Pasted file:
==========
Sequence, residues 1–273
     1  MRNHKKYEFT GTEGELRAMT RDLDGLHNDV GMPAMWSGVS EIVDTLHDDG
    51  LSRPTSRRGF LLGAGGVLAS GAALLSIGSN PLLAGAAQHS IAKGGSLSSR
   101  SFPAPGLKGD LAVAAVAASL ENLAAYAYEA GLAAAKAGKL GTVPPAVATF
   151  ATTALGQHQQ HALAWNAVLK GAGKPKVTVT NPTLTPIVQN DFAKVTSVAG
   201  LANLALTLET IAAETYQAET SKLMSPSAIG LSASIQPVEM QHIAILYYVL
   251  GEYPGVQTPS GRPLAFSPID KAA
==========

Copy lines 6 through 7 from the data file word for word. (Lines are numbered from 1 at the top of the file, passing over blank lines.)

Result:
   201  LANLALTLET IAAETYQAET SKLMSPSAIG LSASIQPVEM QHIAILYYVL
   251  GEYPGVQTPS GRPLAFSPID KAA